Now I have no doubt that Steve’s players are indeed nice young men, and I even bet that he thinks they are. However, I wonder if he really feels that they are amicable simply because they are American. More likely, coach is just a little frustrated that he is looking up quite substantially in the rankings at Concordia and notes that six of our nine players are from beyond our borders. Otherwise he is suggesting that our, and any other, international players are not nice guys based on the notion that they are from countries other than the United States of America, a country that I love incidentally, and a country that I believe is among the best in the world for a variety of reasons. However, that being said, my players are nice guys and they deserve Steve’s respect, or at the very least, the opportunity to be properly judged based on a little interaction.
Now I should mention that I allowed the team to head over to Fridays without me while I went back to the lobby to discuss this in more detail with coach Steve. You see, I felt that there were just so many horrible things that took place here. Firstly, he choose an inappropriate forum to announce his comments. I expect more from a coach or leader. Secondly, what he said and further implied goes against so many things that I will detail below:
Coach Steve represents a college that in its own description indicates "is a diverse learning community that strives for academic excellence in the Catholic and Jesuit tradition." Now I am a practicing Lutheran and certainly not an authority on the matter but I doubt that anything in the Catholic and Jesuit doctrine deplores or condemns international tennis players seeking an education in the United States. In addition, coach Steve’s employer goes on to report that it "is proud to draw students from all over the world, including Ethiopia, Sri Lanka and Scotland. It is the diversity of thoughts, ideals and experiences our students bring to campus that makes (our college) such a wonderful place to grow and learn." OUCH! Steve must not have read these statements displayed clearly on the college’s web page before accepting his position.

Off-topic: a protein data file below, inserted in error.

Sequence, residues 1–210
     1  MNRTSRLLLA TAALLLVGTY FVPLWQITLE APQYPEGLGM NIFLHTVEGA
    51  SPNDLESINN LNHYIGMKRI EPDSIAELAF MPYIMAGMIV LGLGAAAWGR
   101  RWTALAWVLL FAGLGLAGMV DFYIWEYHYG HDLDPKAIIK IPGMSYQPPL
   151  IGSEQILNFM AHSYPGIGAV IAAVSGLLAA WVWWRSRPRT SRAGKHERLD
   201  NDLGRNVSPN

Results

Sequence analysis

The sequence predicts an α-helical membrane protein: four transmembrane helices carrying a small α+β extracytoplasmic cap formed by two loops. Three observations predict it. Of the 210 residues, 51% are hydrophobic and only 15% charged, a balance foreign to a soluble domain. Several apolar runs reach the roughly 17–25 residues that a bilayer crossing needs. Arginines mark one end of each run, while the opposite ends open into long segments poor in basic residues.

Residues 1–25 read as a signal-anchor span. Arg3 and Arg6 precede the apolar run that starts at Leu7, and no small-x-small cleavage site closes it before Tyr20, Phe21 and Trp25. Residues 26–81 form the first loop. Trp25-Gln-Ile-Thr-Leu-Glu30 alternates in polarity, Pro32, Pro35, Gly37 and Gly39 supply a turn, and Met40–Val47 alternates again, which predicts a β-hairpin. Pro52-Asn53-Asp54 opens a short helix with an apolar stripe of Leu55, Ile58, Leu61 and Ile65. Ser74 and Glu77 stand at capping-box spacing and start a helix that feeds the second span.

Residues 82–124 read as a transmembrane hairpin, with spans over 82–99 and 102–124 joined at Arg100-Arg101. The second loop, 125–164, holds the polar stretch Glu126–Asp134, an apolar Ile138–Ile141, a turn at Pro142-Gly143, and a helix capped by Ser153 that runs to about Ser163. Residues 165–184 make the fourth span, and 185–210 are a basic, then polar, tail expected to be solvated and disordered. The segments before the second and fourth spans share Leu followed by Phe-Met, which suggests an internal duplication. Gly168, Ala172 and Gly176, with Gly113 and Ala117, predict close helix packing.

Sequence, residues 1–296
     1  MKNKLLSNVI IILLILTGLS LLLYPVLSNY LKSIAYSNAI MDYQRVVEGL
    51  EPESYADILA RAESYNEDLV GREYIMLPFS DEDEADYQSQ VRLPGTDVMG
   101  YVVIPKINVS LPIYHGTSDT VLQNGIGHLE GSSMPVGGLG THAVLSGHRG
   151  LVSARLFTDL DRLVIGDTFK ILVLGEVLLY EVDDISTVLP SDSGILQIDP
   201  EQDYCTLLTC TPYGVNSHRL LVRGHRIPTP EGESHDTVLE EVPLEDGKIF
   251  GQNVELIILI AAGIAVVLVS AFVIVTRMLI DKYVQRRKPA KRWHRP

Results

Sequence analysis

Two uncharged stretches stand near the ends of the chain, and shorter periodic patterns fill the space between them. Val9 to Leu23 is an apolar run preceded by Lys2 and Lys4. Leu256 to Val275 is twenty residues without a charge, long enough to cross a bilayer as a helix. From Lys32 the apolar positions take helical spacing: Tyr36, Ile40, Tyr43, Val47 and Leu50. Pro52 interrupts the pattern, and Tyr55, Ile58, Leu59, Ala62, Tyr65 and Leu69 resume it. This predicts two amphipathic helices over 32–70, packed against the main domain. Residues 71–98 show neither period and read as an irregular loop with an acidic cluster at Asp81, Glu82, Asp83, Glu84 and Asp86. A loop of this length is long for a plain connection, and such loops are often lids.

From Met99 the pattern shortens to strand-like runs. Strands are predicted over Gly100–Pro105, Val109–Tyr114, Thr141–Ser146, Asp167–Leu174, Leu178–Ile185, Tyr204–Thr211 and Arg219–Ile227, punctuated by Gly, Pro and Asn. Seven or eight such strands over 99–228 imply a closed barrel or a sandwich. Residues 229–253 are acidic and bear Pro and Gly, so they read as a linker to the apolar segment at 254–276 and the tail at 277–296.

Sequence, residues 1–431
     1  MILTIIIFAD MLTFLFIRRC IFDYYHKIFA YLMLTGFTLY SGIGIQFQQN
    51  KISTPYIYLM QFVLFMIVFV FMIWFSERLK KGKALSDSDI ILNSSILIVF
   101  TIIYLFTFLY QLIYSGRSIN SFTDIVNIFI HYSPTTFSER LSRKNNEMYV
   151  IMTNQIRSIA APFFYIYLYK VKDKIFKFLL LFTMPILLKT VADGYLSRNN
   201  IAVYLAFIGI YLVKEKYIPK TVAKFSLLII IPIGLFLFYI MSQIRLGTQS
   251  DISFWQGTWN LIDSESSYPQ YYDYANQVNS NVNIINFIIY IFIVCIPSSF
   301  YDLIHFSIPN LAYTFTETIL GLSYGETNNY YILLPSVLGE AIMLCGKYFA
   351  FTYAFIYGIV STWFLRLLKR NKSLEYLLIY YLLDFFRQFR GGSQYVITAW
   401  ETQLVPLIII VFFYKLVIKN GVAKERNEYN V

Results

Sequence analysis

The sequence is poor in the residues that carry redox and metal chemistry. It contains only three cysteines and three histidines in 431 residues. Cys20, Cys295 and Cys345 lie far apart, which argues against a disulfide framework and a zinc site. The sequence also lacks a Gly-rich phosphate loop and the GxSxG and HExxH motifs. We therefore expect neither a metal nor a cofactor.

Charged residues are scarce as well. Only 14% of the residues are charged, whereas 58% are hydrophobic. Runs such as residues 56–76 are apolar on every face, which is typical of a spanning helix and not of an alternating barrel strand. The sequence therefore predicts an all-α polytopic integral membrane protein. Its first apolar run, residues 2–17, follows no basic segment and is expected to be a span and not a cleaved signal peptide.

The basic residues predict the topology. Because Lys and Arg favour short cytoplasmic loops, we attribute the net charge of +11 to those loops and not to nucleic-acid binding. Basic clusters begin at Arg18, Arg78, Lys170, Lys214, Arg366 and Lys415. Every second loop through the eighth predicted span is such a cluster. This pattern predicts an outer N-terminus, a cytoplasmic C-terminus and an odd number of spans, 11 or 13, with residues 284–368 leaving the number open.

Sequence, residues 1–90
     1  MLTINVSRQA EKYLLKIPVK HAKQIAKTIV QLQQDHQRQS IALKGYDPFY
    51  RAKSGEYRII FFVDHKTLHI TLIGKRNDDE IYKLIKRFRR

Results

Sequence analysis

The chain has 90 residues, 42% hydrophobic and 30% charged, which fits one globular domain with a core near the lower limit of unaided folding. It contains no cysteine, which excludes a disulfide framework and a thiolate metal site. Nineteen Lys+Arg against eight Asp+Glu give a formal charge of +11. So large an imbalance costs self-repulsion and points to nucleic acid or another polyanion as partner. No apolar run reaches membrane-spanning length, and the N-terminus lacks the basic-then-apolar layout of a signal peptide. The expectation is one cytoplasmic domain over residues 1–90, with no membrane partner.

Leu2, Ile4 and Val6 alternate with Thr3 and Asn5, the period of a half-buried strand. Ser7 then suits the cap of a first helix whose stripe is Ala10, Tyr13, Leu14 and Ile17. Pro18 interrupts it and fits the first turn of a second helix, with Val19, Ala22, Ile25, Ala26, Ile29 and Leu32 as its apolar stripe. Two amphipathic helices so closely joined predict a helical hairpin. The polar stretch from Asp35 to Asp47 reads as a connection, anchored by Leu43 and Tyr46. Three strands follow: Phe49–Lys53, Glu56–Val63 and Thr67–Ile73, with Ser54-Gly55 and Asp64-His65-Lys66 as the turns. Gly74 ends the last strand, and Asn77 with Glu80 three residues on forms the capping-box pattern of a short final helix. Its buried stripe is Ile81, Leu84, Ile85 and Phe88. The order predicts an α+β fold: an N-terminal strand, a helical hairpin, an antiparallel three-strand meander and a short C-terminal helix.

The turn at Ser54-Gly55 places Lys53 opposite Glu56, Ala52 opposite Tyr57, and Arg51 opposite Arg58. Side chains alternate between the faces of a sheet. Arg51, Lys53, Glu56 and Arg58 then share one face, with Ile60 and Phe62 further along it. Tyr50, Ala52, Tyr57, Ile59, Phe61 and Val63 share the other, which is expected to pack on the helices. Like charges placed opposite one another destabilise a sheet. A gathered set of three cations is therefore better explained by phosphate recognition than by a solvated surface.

Well now, I know what you are thinking. You could argue that it is one thing to enroll international students and another to fund their education through scholarship. Ah, but as Lee Corso says on ESPN’s College Gameday, "Not so fast my friend!" The college we are discussing indicates international students on campus received college administered financial aid ($22,216 average). Not too shabby indeed.